5 facts about Republicans
The annual Conservative Political Action Committee kicked off its annual conference Thursday, providing an early test for potential GOP presidential candidates and also putting into sharp relief the differences in the Republican Party.
Millennials in Adulthood
Racially diverse, economically stressed and politically liberal, Millennials are building their own networks through social media – rather than through political parties, organized religion or marriage. Half now call themselves political independents, the highest share of any generation.
Are the Democrats getting too liberal?
Andrew Kohut writes in the Washington Post that polarization is not a one-way street. While Republicans have become more conservative, Democrats have grown more liberal.
Just 28% of Republicans believe GOP advocates its principles well
A minority of Republicans believe that their party is doing a good job in standing up for its traditional positions of smaller government, tax-cutting and conservative social values.
Inequality, poverty divide Republicans more than Democrats
There are wide gaps between conservative and centrist Republicans on whether the government should do something to reduce poverty and inequality.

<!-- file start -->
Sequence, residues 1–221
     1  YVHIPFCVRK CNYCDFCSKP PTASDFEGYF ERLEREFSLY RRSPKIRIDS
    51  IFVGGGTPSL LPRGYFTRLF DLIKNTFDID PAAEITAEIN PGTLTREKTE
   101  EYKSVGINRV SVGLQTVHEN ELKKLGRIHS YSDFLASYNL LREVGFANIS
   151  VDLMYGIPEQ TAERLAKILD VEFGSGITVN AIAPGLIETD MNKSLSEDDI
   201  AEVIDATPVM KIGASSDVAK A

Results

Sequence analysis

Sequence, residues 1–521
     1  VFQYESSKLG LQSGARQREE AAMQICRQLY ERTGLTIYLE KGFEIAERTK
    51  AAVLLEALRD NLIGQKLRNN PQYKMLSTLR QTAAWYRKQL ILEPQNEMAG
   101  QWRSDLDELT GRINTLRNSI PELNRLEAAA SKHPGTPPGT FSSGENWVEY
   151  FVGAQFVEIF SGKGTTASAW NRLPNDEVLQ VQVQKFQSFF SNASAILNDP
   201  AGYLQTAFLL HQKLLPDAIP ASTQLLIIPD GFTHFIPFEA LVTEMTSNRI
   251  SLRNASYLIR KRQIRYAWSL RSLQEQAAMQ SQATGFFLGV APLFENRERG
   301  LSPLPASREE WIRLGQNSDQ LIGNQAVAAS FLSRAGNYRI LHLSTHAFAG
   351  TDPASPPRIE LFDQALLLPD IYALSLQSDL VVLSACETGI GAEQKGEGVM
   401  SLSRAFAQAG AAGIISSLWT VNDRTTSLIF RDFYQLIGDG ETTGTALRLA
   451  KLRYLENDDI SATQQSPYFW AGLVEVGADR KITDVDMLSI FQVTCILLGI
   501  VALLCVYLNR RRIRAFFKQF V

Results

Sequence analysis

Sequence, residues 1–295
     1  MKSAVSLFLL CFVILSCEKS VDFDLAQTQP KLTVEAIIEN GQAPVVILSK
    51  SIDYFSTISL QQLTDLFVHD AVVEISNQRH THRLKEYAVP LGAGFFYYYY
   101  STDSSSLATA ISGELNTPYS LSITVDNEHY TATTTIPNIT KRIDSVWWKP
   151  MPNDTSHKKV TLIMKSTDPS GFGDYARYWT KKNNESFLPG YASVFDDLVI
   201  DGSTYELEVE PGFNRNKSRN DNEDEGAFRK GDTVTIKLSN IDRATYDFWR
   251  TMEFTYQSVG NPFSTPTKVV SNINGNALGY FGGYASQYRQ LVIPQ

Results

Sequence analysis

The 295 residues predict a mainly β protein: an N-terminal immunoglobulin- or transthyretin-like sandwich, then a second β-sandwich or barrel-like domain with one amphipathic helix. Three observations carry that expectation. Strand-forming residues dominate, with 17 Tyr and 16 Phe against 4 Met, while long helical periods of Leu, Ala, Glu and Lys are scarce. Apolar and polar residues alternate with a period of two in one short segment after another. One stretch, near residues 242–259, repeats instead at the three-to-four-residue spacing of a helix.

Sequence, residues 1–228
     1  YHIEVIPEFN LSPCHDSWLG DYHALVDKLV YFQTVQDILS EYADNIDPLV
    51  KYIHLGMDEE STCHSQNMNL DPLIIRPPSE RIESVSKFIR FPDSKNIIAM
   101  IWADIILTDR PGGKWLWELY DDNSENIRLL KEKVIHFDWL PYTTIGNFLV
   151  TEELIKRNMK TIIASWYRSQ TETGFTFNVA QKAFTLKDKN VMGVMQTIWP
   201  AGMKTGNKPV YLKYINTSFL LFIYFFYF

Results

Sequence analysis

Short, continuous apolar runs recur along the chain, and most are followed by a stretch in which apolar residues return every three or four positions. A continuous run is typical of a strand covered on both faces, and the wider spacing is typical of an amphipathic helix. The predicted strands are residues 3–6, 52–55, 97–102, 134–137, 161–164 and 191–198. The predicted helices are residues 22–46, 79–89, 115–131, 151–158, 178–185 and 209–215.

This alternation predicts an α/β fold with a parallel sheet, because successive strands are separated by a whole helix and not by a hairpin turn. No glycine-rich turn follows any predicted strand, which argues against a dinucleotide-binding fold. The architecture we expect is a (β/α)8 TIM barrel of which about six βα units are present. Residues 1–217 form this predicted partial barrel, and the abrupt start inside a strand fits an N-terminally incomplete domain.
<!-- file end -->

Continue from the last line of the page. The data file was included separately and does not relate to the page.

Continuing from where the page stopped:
Deficit Declines as Top Policy Priority
Reducing the budget deficit has declined as a top public priority since last year, due to a dramatic shift in views among Democrats. The public’s highest priorities for 2014 are the economy, jobs and terrorism.
Most See Inequality Growing, but Partisans Differ over Solutions
There is broad public agreement that economic inequality has grown over the past decade, but there are wide partisan differences over how much the government should – and can – do to address these issues.
Will Obama drag down Hillary in 2016?
While Hillary Clinton had to contend with “Clinton fatigue” in her 2008 race for president, “Obama fatigue” is her potential stumbling block this time.
Republicans’ views on evolution
Significantly fewer Republicans believe in evolution than did so four years ago, setting them apart from Democrats and independents. But behind this finding is a puzzle: If the views of the overall public have remained steady, and there has been little change among people of other political affiliations, how do you account for the Republican numbers? An explainer.
Study on twins suggests our political beliefs may be hard-wired
Everyone knows that our genes predispose us to be tall or short, blue-eyed blonds or brown-eyed brunettes, smart or not-so-smart. Now new research finds that, to a surprisingly large degree, our genes also shape our political beliefs and orientation.